msladyDeborah said...


The woman from Canada bothers me a lot. The first time I saw that ad on television-I had a million questions that I wanted answered.

Unless she was carrying insurance how did she have the surgery done without some upfront understanding about the cost? I had a co-worker who had a turmor removed from her brain. Even with insurance she had close to twenty grand in bills to pay afterwards. If you are to believe the Canadian woman there's just no problem with this system.

During my unemployment period the coverage that was extended to me was was way too high. I couldn't afford it. And what really got the better of me was the deductable was a thousand dollars.

Vérité Parlant said...

The Canadian, Shona whats-her-face, has been busted. Her story is bogus. She didn't even have a life-threatening tumor. She had a vision problem. In my opinion, anybody who bought her story must've been living under a rock because it's well known having a tumor/cancer is one of the fastest ways to get kicked off private insurance here in the states. And unlike so many without insurance here, it seems she had the means to look to private care.

In essence, Shona Holmes was better off than Americans whose insurance companies refuse to pay for such surgeries and who don't have the means to pay on their own nor qualify for Medicaid because they earn more than the indigent. Her vision may have been jeopardized, which is nothing to take lightly, but eventually some medical professional would have seen her. In the states, if you don't have the money for private care and your insurance company denies you service, you may have to choose between loss of vision and bankruptcy. And considering how America operates, I don't believe that we will get to a point that people who have money to pay will ever be denied care.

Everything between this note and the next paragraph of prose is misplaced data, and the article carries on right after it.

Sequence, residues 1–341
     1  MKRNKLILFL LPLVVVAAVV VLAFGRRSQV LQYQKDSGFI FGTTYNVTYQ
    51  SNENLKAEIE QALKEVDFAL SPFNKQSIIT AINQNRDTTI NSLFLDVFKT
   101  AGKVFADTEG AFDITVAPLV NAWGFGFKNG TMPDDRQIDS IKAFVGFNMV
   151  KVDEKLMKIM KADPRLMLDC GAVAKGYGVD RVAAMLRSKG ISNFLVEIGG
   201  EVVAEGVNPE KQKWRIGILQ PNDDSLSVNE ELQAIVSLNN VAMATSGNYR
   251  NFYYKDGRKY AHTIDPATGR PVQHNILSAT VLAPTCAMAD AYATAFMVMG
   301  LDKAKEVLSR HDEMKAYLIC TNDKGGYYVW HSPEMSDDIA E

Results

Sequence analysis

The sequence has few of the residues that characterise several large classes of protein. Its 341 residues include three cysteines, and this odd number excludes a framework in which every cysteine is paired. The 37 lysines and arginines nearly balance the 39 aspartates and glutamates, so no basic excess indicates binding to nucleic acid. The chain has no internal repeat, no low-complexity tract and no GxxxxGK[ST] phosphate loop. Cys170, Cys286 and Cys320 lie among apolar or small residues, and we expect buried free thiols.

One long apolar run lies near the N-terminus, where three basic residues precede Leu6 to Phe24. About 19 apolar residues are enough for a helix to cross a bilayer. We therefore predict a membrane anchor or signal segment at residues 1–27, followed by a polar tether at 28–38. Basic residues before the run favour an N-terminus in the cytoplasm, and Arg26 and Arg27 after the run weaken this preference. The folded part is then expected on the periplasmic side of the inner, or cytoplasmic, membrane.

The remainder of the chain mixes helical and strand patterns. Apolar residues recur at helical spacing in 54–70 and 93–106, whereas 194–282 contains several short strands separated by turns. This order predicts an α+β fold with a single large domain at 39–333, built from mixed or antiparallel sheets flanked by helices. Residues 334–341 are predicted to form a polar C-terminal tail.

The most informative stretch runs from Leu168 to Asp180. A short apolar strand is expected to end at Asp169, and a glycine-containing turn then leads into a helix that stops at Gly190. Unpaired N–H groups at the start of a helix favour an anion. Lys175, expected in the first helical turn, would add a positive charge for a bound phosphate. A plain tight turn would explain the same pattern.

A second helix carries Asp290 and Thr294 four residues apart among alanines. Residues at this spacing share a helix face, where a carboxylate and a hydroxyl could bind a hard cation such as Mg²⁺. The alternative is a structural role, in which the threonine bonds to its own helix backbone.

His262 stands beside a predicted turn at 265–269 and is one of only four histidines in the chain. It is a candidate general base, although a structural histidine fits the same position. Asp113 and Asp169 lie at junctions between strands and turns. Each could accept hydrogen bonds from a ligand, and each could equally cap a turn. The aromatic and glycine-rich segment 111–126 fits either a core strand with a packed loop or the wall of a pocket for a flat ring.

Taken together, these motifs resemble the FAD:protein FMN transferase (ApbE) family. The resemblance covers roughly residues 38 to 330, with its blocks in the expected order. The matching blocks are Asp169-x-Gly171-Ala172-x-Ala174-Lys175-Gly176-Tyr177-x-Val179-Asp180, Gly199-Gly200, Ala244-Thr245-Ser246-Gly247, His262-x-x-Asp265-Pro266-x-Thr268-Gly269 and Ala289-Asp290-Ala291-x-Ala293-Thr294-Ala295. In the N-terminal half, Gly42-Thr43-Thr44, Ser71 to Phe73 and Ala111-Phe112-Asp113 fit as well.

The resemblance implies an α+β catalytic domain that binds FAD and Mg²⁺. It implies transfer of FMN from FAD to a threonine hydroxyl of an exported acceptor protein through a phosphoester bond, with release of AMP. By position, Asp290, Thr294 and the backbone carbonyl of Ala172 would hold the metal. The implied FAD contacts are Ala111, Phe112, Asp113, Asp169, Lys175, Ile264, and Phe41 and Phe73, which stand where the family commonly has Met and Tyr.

I hear you MsD on high premiums. The system is so broken.

le0pard13 said...

Yes, our system is broken, and it is financially unsustainable. A recent article in the L.A. Times had a sobering analysis of our current health care woes:

A Canadian doctor diagnoses U.S. healthcare - L.A. Times

What's going on with the GOP attacks is the most irresponsible thing I've seen... yet. Even the business columnist of the Washington Post dished out sharp criticism of the GOP for this:

Steven Pearlstein: Republicans Propagating Falsehoods in Attacks on Health-Care Reform -

I'm coming to the conclusion that there are no adults left in the Republican Party. It is a calculated attempt at scaring away any real examination of the issues at hand. Meaning, they want NO change to the current system. And leaving it there just puts more Americans to greater risks, financially and health-wise.

Thanks for the post, Nordette.